Melville’s rue Jenner studio was modest by any standard. There was room for two sound stages, a small wardrobe room, a place to edit, and a screening room. Add to that on the second floor an apartment for Melville, his wife, and their two cats to live. Ironically, independence did not come with freedom, and the workaholic director who hated holidays spent every waking moment working to realize his ideas into viable films. He lost many battles during his career, and struggled with financiers to get the money he needed to make his pictures. Yet, as the saying goes, limitations give way to great art, and Melville embraced a Spartan visual aesthetic: a Burberry trench coat, a lit cigarette, a fedora, a dark lit street, and a gun.
From frame one Bob le flambeur(1956), his first great masterpiece crackles and revels in its influences: hard-boiled fiction and French poetic realism. Shot mainly using hand-held cameras the picture has a documentary feel as characters move from the dark seamy world of Pigalle to the Bohemian quarters of Montmartre to the opulence of Deauville casino. While the “Tradition of Quality” still reigned in French cinema, Melville and Henri Decae, the DP on more than half of Melville’s films, shot outside and constantly reminds the audience that the effects of war still linger in the City of Love.
Starring Roger Duchesne as the titular Bob of the title, the character is like all Melville protagonists, charming. From the grey mane on top of his head to the poker-face expression that he wears throughout the picture, and even the way he smokes a cigarette, Bob the gambler, the thief, and the high roller is the epitome of cool. And like most knights-errant he is governed by a personal code: Never hit a woman, Never kill a cop, and, most importantly, never betray the people you work with. This code separates him from the real criminals and the story makes sure to clarify that the antagonist are not the cops, but the pimps and thugs who break this chivalric code.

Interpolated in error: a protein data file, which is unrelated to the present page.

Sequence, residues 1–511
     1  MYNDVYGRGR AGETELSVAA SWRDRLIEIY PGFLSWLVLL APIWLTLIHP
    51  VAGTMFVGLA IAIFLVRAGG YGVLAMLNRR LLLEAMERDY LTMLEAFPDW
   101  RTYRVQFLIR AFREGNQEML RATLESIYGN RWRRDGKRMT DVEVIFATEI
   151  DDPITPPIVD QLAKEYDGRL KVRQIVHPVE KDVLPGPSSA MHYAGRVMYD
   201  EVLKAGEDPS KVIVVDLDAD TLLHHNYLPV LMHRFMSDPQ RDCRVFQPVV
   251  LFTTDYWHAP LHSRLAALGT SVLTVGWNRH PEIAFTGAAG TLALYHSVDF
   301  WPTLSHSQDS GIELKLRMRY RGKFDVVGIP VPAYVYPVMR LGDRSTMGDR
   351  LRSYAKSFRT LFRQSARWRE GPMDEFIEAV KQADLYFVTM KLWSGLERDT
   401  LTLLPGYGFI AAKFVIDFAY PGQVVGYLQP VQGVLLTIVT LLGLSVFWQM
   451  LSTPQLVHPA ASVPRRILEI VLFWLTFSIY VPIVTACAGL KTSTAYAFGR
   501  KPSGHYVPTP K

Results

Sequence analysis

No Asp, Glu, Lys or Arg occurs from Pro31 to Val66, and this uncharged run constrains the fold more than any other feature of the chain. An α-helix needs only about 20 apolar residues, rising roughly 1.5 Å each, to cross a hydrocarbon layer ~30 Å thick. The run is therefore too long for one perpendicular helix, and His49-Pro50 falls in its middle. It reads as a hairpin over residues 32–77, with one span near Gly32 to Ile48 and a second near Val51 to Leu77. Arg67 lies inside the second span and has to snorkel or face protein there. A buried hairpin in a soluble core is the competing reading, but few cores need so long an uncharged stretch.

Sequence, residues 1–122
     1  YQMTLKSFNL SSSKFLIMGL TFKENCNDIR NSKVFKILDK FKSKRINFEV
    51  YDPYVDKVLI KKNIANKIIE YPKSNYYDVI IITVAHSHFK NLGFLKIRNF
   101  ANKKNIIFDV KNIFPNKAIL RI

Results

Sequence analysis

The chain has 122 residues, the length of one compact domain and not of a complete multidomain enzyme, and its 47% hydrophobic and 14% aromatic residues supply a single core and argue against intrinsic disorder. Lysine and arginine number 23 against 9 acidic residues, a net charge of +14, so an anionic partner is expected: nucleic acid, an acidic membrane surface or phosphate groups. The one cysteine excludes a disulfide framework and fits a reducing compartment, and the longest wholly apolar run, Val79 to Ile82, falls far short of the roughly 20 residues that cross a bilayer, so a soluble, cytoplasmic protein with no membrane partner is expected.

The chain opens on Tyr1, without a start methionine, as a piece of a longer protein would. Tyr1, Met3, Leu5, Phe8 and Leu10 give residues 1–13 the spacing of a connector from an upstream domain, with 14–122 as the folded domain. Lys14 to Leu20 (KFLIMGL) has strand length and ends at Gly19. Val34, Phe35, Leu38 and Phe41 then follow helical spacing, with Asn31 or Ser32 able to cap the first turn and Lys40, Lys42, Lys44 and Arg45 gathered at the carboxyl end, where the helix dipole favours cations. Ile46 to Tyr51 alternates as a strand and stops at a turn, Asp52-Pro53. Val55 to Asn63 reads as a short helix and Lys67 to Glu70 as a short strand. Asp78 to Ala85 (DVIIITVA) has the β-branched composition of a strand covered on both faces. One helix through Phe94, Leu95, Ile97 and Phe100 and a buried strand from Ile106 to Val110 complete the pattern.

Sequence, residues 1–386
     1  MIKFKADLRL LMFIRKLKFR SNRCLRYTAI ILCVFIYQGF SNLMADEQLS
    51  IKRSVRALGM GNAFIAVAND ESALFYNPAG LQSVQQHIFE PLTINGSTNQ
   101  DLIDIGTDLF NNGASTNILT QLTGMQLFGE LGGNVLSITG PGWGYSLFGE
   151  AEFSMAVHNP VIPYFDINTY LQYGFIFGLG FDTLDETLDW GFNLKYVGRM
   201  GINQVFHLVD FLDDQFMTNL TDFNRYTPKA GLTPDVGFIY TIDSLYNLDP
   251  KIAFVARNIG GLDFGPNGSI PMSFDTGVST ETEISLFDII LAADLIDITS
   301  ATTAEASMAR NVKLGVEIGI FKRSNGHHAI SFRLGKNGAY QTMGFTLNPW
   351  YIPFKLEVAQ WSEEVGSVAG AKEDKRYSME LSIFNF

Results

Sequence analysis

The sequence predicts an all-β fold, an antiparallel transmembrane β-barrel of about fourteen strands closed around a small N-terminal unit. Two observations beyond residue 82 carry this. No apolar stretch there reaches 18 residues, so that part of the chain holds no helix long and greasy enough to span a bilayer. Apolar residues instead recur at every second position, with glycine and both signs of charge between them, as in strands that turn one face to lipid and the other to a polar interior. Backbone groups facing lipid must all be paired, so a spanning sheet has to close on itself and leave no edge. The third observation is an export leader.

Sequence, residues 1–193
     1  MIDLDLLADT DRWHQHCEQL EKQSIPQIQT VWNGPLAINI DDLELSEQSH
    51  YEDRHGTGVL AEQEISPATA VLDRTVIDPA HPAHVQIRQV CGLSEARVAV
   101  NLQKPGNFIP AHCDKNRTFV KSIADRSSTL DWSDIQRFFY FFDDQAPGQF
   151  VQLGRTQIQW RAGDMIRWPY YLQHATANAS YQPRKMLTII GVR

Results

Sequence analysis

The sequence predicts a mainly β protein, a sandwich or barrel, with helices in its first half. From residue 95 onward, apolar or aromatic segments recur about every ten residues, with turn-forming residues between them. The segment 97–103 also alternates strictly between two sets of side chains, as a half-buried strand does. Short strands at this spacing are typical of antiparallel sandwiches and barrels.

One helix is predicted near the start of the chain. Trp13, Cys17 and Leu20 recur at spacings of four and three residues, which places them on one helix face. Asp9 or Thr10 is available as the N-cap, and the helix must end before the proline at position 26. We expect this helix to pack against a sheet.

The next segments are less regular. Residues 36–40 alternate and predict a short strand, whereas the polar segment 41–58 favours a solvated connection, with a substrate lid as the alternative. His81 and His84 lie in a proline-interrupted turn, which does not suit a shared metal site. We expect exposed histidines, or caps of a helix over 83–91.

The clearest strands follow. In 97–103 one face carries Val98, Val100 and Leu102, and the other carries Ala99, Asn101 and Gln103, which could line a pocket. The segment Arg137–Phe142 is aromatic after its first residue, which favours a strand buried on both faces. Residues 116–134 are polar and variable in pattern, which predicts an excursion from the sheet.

Categorized as a heist film, the idea for Bob le flambeur came to Melville in 1950, though the genre’s origins can be traced to the genesis of cinema itself with Edwin S. Porter’s The Great Train Robbery (1903). With that said the 1950’s was a boom time for the genre starting with John Huston’s Asphalt Jungle (1950) and Kubrick’s The Killing (1956), while Jacques Becker’s Touchez pas au grisbi (1954) and Jules Dassin’s Rififi (1955) were playing in French theaters. The heist film was at its apotheosis that by 1958 it began being parodied in countless pictures. So, Melville was working within a very specific mode and he doesn’t invent out of whole cloth. He picks and chooses and marries his sensibilities within the context of film history. What makes Bob le flambeur unique and canon worthy is the filmmaking craft on display, be it Henri Decae’s work behind the camera, Eddie Barclay’s melancholic soundtrack, or the actor’s deadpan delivery. Add to that, Melville’s sincere appreciation for genre you get something familiar but distinct. Melville’s auteurist touches are hidden within a line of dialogue, the execution of a scene, or the way action is cut.
Nowadays, auteurist cinema is relegated to the film festival ghetto and genre has splintered into a handful of categories: comedies, Oscar bait, adaptations of YA novels, and superhero films. Jean-Pierre Melville’s sincere and unpretentious method of making films may now be considered quaint or idealistic. Especially since films must compete with so many other mediums for audience attention. Yet, art cannot be quantified by box office or number of awards received, time is the real judge and as the decades roll on Jean-Pierre Melville’s pictures continue to grow in popularity as each new generation stumbles on his work; oftentimes cribbing narratives and visual tics wholesale for their own projects. Yet there is only one godfather of cool, the pater familias of the Nouvelle Vague, and the great inheritor of American film noir, Jean-Pierre Melville.